This is an interesting moment in time. The Guardian’s Andrew Lawrence wrote Nascar’s Danica Patrick drove the lonely road to a feminist legacy, briefly noting that “she certainly enjoyed her share of gender firsts – leading 19 laps of the 2005 Indianapolis 500, finishing third in ’09, actually winning a race in Japan the year prior…” Lawrence thoughtfully observed,
It’s also true that the trailblazer’s road is the roughest and loneliest. That much was clear the day I wandered into her garage while covering a 2014 test session at Michigan. Off to one side were a dozen or so boffins, poring over telemetry data. Opposite them was Patrick, sitting by herself, on her phone, scrolling. Before then I thought I knew from loneliness in Nascar, being one of the few black writers who covers the beat. But that scene always comes back, usually when some barfly is droning on about how Patrick has no business operating a race car. It left me wondering how differently things might’ve turned out for her had there been even one other woman among her technical advisors. Likely in that alternative reading, Patrick gets credit for two revolutions: the one Patrick started inside the car and the pit box.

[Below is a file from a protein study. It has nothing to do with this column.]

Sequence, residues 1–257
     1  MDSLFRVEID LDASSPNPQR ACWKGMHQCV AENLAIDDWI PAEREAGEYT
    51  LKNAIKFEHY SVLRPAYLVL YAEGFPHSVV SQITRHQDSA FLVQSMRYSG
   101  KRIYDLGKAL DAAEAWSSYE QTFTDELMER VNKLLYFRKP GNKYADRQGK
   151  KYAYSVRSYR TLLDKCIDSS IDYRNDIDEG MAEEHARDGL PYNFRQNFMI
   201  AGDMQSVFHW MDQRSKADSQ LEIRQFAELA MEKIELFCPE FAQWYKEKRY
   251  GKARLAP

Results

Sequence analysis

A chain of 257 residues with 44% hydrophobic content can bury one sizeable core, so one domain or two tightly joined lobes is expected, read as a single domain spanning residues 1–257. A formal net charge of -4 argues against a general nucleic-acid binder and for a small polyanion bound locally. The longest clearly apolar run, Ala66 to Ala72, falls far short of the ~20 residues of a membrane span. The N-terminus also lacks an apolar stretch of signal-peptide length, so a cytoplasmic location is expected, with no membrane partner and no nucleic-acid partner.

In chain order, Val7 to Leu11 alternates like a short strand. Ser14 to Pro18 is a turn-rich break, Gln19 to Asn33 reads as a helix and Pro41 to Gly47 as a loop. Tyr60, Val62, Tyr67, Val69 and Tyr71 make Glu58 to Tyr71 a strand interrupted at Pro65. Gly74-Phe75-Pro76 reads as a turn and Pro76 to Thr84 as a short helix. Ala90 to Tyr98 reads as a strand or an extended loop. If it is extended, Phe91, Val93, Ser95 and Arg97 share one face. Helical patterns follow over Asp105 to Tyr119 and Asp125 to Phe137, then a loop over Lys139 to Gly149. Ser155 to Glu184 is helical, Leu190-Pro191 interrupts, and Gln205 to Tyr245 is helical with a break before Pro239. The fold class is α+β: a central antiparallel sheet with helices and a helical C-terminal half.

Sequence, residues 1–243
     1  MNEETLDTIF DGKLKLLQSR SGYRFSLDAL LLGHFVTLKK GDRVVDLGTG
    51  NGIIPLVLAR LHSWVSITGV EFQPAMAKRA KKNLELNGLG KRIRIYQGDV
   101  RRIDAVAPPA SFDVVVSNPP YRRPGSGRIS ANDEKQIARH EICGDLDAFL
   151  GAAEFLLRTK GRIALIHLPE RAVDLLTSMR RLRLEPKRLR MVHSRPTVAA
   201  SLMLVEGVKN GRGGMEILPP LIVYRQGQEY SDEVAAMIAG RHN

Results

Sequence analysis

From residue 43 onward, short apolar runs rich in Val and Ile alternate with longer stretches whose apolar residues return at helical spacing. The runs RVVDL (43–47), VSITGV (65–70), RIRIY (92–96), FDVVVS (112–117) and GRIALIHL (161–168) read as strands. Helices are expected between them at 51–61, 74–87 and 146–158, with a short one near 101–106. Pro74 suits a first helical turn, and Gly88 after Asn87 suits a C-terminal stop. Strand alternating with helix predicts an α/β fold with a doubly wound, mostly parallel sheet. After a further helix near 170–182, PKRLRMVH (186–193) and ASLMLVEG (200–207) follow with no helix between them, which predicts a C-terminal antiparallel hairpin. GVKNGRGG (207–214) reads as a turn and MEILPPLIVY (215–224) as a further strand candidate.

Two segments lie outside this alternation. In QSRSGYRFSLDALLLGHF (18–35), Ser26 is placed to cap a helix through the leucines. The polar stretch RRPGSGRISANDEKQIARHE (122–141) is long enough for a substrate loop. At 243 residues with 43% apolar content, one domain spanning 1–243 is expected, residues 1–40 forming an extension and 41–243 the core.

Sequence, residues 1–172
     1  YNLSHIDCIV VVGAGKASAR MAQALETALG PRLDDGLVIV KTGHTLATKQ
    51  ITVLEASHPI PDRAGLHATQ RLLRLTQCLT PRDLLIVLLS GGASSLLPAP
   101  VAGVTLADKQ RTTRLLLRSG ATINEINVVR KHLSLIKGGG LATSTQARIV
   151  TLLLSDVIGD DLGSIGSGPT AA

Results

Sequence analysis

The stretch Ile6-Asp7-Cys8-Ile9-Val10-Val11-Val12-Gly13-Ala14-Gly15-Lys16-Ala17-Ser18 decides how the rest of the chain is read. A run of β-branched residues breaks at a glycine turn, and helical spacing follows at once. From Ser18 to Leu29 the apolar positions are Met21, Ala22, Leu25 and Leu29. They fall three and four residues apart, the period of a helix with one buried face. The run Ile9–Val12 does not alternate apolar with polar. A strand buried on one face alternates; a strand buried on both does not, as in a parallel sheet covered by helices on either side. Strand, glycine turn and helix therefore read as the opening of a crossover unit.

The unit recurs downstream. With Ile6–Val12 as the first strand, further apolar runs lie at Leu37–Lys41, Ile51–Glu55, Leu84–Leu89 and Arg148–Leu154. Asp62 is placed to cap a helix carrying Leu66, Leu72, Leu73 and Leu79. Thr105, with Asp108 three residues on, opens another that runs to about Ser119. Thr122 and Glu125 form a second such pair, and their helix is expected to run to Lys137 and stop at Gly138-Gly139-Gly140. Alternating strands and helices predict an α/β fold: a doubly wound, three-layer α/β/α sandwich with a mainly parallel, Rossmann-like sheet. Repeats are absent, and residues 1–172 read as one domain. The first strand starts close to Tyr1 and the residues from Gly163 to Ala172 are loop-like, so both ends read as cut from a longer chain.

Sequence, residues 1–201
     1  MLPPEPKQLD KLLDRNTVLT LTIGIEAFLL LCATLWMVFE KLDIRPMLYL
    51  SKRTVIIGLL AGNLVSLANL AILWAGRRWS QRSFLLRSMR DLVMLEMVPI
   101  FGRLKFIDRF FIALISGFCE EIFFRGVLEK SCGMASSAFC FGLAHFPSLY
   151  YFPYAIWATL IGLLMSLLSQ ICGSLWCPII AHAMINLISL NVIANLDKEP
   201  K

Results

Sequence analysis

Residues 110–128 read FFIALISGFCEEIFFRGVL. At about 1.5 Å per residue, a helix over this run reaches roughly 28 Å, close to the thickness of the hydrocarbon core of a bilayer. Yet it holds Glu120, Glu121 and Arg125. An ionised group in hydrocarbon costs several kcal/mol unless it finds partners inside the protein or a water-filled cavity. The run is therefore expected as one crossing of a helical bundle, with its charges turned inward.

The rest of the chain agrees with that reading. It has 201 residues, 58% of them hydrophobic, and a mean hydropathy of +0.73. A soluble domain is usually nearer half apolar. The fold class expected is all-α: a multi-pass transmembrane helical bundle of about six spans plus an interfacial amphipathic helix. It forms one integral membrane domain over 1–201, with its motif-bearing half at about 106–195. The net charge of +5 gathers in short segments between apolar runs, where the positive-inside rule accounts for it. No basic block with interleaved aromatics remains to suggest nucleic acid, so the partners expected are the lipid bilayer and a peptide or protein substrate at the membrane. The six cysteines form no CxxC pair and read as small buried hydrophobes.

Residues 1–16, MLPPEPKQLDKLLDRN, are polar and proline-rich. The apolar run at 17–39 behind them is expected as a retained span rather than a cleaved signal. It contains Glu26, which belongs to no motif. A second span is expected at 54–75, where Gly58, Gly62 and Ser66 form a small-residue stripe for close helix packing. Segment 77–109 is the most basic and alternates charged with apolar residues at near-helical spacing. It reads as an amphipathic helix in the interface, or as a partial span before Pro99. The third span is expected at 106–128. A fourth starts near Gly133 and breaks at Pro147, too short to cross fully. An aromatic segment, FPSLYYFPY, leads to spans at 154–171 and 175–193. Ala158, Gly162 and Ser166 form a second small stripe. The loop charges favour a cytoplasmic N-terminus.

While she is driven, skilled, and persistent, she’s also a one-of-a-kind role model. No doubt that her future will be equally instructive.